It did not escape former President Obama's attention that Attorney General Bill Barr's Justice Department dropped charges against one of Donald Trump's allies -- who'd already pleaded twice in open court to being guilty.
Obama, using the kind of language he hasn't yet used publicly, participated in a call with thousands of veterans of his administration and pointed to the Michael Flynn case as evidence that the "rule of law is at risk." He went on to warn that the way in which the Justice Department dealt with the matter is emblematic of a much broader threat: this is how "democracies become autocracies," Obama warned.
The former president is hardly the only one who's noticed. The New York Times reported on this over the weekend with a headline that read, "Dropping of Flynn Case Heightens Fears of Justice Dept. Politicization."
President Trump and his supporters on Friday praised Attorney General William P. Barr's decision to drop the prosecution of Michael T. Flynn, even as career law enforcement officials warned that the action set a disturbing precedent and Democrats accused the administration of further politicizing the Justice Department.... [S]ome rank-and-file prosecutors said they saw Mr. Barr's action as politically motivated and damaging to the department's credibility.
The Times' report added that many current and former federal prosecutors across the country "cringed" and said they were "shocked" by the department's moves in the Flynn case.
To be sure, it's easy to endorse the concerns raised by Obama, prosecutors, and proponents of the American justice system. As we discussed last week, Donald Trump and his campaign team sought and received Russian assistance in 2016, and after the election, incoming White House National Security Advisor Michael Flynn quietly assured Moscow that the new Republican administration wouldn't be nearly as tough on Russia as the Obama administration.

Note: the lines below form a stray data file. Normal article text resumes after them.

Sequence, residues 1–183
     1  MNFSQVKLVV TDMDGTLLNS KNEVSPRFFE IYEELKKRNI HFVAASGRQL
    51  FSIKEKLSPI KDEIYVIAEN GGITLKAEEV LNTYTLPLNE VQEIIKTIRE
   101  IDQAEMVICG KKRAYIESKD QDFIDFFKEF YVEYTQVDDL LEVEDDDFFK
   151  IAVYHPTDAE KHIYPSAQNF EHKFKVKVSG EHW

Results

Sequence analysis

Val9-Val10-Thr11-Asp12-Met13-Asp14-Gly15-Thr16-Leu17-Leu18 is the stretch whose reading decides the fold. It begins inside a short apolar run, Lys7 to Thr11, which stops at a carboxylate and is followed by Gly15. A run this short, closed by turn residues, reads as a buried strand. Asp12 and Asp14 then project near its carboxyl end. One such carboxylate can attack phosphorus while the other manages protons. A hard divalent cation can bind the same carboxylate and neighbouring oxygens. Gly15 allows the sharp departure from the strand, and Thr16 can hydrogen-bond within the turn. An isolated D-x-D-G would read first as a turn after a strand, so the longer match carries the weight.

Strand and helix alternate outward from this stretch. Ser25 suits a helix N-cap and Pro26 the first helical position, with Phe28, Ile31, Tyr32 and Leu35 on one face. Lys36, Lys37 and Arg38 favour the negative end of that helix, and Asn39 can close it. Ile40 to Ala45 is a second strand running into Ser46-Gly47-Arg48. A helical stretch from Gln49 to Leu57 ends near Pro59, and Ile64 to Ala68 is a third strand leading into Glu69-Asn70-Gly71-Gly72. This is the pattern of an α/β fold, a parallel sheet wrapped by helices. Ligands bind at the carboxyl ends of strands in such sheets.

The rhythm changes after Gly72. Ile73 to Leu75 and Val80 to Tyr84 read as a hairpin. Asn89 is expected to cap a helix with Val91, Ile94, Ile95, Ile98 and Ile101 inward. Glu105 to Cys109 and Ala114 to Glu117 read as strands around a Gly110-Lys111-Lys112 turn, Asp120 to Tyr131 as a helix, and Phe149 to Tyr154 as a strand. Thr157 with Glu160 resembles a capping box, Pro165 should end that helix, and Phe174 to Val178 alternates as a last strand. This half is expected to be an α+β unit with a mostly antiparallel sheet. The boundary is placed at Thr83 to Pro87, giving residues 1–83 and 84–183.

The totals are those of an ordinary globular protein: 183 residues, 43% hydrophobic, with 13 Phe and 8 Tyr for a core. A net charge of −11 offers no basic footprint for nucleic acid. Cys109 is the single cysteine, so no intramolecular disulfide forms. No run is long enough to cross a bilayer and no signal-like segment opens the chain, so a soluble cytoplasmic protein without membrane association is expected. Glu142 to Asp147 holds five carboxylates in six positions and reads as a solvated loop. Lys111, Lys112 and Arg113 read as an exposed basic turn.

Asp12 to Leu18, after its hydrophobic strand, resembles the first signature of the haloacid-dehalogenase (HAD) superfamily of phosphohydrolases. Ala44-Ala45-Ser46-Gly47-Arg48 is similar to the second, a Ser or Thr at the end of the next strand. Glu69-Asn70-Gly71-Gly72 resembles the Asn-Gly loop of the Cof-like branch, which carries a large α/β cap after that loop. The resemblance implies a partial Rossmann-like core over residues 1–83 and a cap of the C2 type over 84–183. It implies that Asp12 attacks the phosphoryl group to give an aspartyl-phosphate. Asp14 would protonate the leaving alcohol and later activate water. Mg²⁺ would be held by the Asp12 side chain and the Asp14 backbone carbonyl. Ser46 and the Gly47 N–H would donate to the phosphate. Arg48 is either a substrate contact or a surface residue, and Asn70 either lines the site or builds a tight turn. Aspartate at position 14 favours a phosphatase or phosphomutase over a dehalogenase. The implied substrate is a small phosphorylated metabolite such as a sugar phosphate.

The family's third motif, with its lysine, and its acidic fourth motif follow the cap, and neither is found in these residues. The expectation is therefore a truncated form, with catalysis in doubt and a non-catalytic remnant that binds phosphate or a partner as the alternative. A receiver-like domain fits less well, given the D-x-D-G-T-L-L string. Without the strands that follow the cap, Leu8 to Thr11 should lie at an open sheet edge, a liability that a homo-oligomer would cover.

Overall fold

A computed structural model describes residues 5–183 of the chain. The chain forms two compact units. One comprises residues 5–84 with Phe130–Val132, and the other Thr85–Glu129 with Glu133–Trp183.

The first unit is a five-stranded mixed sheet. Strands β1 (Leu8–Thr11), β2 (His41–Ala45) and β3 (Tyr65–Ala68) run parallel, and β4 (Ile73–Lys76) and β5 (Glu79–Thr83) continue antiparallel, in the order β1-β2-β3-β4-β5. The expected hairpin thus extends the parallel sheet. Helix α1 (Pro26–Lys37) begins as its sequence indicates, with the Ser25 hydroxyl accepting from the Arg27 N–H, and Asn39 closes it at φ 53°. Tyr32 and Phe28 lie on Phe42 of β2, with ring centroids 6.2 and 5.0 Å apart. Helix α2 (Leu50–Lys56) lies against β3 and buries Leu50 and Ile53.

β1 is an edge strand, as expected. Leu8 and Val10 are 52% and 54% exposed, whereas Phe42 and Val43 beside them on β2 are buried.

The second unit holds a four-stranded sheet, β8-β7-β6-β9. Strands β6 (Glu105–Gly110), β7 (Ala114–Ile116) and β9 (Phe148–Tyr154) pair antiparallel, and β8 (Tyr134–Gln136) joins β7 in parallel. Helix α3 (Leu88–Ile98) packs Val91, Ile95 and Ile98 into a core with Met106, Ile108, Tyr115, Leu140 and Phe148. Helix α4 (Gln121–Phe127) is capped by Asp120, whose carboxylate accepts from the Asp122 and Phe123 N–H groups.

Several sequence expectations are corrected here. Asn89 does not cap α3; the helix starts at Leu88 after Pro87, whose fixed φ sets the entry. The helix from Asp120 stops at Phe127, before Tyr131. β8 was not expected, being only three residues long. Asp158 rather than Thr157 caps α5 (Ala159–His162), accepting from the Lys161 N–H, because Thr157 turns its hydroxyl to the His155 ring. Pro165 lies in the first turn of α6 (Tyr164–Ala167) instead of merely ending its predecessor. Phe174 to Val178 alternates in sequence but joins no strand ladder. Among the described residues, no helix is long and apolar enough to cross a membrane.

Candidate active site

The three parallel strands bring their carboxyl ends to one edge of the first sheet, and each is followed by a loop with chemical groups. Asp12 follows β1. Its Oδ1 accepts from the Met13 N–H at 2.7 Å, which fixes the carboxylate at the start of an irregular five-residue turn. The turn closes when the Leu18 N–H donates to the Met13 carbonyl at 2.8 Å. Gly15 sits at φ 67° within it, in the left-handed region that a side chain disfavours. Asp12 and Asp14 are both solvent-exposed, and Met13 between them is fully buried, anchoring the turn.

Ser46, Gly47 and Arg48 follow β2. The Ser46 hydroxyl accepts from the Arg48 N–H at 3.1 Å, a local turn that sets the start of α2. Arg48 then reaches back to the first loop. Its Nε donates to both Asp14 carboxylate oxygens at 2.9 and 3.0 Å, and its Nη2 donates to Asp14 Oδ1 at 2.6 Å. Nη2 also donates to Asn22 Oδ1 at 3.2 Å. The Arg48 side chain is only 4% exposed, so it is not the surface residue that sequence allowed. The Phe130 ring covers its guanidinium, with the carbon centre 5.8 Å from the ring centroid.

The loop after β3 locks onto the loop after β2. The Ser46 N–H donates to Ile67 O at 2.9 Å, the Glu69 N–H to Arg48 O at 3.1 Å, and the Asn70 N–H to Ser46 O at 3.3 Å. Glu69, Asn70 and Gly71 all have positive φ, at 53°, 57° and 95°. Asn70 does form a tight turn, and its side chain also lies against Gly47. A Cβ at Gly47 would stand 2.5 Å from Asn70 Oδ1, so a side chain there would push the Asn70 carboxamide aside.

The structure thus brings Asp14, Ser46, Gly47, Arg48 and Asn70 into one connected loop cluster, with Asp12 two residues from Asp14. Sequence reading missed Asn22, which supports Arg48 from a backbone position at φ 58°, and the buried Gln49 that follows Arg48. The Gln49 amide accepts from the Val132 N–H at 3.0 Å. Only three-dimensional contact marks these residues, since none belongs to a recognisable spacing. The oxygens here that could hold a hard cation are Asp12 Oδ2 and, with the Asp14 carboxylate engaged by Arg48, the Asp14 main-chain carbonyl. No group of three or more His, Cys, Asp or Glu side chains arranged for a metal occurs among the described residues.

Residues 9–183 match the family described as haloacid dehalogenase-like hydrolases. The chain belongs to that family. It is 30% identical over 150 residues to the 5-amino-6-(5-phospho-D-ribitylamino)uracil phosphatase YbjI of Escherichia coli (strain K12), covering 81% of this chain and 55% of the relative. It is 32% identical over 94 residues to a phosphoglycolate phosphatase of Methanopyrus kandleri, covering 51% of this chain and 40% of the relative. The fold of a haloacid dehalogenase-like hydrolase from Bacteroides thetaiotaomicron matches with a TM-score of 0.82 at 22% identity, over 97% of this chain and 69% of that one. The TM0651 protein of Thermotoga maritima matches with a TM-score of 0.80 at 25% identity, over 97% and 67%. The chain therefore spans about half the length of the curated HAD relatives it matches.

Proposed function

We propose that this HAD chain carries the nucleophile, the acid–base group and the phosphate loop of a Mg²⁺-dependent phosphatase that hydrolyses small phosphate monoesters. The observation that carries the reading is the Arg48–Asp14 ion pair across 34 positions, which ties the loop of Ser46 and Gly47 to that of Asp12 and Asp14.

When the FBI asked the retired general about those interactions, Flynn lied. When he soon after faced criminal charges, Flynn twice admitted, in court and under oath, that he was guilty.
Barr's Justice Department dropped the charges anyway, concluding that it cannot prove Flynn is guilty of the crimes to which he's already pleaded guilty. By most accounts, there's no precedent for anything like this in modern American history.
What's less obvious to me is when we'll collectively move past the point of "concerns" and "fears" about "risks," and start coming to terms with the fact that we've already arrived at the worst-case scenario.
In recent months, we've seen multiple examples of the Justice Department taking extraordinary steps to intervene in cases of interest to Trump, with the president's handpicked attorney general trying to steer prosecutorial decisions in ways consistent with the White House's political wishes. The result is a dynamic in which two parallel systems have taken shape: one for cases that the president cares about, in which Barr has played a direct and personal role, and another for the rest of the justice system.
A Washington Post report added a few months ago that Barr's Justice Department "has repeatedly tasked U.S. attorneys from far-flung offices to parachute into politically explosive cases," which has raised "concerns among current and former officials that agency leaders are trying to please the president by reviewing and reinvestigating cases in which he is personally or politically invested."
The article specifically referenced the attorney general's intervention in the Flynn case, which current and former officials said "seemed to be part of a new pattern of Justice Department political leadership spinning up inquiries that might help Trump and his friends and hurt their perceived foes."
In the wake of Richard Nixon's Watergate scandal, this was the nightmare scenario: a White House and its allies perverting the justice system, twisting federal law enforcement into a political cudgel to be used by a president indifferent to abuses and legal limits. It wasn't long ago that responsible officials in both parties recognized the importance of preventing such a dynamic.
And yet, here we are. Obama's assessment that the "rule of law is at risk" is correct, but by some measures, it's incomplete. The rule of law has also already been damaged by a direct assault.
Trump and Barr are unembarrassed by such developments, which reinforces the fact that we should expect them to continue to so long as they remain in office.